Spring barley, the 2013 summer harvest and global diet trends were on the agenda when Agriland talked to Jim O’Mahony, Crops Specialist for Teagasc.
“2012 was a difficult year from the point of view of bringing in harvest,” says Jim O’Mahony, “worse than expected.”
But, as some of our summer crops have already fallen under the harvesting blade, O’Mahony says that 2013 is proving to be very different from last year. “2013 is the other way around – we had poor crops coming into the summer but we’re ending up with great harvest compared to what we expected.
“The harvest is easier to bring in because of the warm weather. The yields are exceeding expectations because of good weather in June and July. And also, the rain in most cases came at the right time. We had a bit of drought in early summer, early June. The sunshine in April, May, June and July was well above average. This is what’s driving these good yields.”
Some crops have already been harvested, and are already breaking records: “The winter barley would be first and that’s finished. That’s been very satisfactory. It looks like we have a record yield for that crop. It’ll yield just as well as winter wheat and will be about ½ tonne to the acre more than the average yield for that crop over the last decade. The average yield was 3.3 tonnes over the past decade per acre and we expect it to be about 3.8 tonnes per acre.”
Indeed, winter barley looks set to equal, or even surpass winter wheat. “Winter wheat was always the highest yielding crop, but it’ll come out the same [as last year] at best. Winter barley has caught up and costs a lot less to grow than winter wheat. We are of the opinion that it’ll be an increase in winter barley at the expense of winter wheat; sewing winter barley will be underway mid-September.”
“Winter oats was satisfactory, good yields in the order of 3 3/4 tonnes per acre. With regards to spring oats, being harvested now, the yields are variable, and the quality is not as good as the winter oats.”
“In the case of winter wheat, crops are variable. And the yield has been very good, but [there were] some poor yields also, due to root diseases and drought stress on lighter land. Then the big crop for 2013 is spring barley. There’s an increased area of spring barley in 2013 because of the difficulty of sewing winter crops last autumn. Spring barley has close to ¾ of the crop harvested already in the south, say, counties south of Dublin, whereas in the midlands and north-east they could be still up to 50% to be harvested, as we speak. The yields are generally very good for spring barley, but there are some disappointments on the lighter soils, hit by the drought in June. But there are huge yields of spring barley as well – record yields in the Waterford/Kilkenny catchment.”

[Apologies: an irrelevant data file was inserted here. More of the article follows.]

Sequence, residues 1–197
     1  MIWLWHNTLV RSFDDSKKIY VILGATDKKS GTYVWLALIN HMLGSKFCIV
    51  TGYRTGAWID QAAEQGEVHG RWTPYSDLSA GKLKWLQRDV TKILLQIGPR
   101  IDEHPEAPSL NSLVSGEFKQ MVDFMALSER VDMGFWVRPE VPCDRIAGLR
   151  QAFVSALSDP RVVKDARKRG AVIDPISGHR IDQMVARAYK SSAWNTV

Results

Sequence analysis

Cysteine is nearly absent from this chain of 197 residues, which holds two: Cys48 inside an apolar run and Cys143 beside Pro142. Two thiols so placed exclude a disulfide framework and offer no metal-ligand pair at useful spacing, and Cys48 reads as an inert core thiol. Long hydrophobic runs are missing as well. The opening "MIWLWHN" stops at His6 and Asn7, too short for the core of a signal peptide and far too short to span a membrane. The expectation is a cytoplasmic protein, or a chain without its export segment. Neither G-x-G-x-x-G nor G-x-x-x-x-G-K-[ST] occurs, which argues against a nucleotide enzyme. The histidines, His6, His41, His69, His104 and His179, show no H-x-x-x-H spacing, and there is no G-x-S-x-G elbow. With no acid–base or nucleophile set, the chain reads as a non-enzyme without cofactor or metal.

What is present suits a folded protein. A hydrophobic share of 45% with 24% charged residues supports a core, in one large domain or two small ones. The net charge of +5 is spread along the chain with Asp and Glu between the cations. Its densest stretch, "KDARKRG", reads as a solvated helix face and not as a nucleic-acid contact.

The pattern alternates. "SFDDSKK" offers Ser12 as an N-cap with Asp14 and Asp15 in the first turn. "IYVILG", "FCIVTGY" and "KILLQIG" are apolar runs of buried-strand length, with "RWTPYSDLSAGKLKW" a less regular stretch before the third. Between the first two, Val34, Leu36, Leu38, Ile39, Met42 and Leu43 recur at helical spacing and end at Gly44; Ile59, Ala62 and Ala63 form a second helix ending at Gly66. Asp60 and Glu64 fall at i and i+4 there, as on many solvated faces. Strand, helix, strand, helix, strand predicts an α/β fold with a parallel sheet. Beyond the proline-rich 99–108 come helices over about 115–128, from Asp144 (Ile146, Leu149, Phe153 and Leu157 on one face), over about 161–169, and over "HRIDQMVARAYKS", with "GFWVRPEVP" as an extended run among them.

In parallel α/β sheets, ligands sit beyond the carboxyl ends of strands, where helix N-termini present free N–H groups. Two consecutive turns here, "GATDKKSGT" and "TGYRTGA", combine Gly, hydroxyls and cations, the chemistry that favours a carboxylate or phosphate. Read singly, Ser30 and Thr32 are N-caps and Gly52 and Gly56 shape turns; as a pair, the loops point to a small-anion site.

“Spring barley is satisfactory with most yields to the order of 2 ½ to over 3 tonnes per acre, but some are reporting almost 4tonnes p/a, with small yields being 2 ¼. Most are 2 ½ to 3 tonnes p/a. Spring barley will be occupying over 60% of cereal area in 2013. 60%+ of total spring barley crop is already harvested.”
“80 or 90% of grain produced is for animal feed and the quality is generally excellent. In the case of malting barley the quality is generally excellent.”
Jim acknowledges that not all has been accepted due to high protein levels, “But what has accepted is of excellent quality. Some has been rejected because of high proteins, but what they’ve put into the stores is excellent.”
When speaking of evolving trends, Jim predicts more winter barley to be sewn: “The trend is for more winter barley going into the ground, that’s number one trend. Number two is that there’ll be a move away from continuous wheat to wheat in rotation. The price of oilseed rape has dropped, so it mightn’t be as attractive as this time last year.”
“What I’d say about oats is that it’s a great crop from the point of view of being a break crop to avoid take-all in wheat. So there could be an increase in oats.”
Looking further afield, Jim says that worldwide lifestyle trends will have an effect on Irish tillage eventually. “What was happening regards change of diets in Asia and Africa was that they were eating more meat, which is produced on grains, which was driving the demand for grain. So two things are happening – first up an increased demand for western products, such as meat and milk, and secondly these products create a demand for extra cereal. The main cereal growing crops are Northern Europe, North America, Australia, and to a lesser extent South America. I think it’ll be a minor driver [here] in one year, but over time it could become more important.”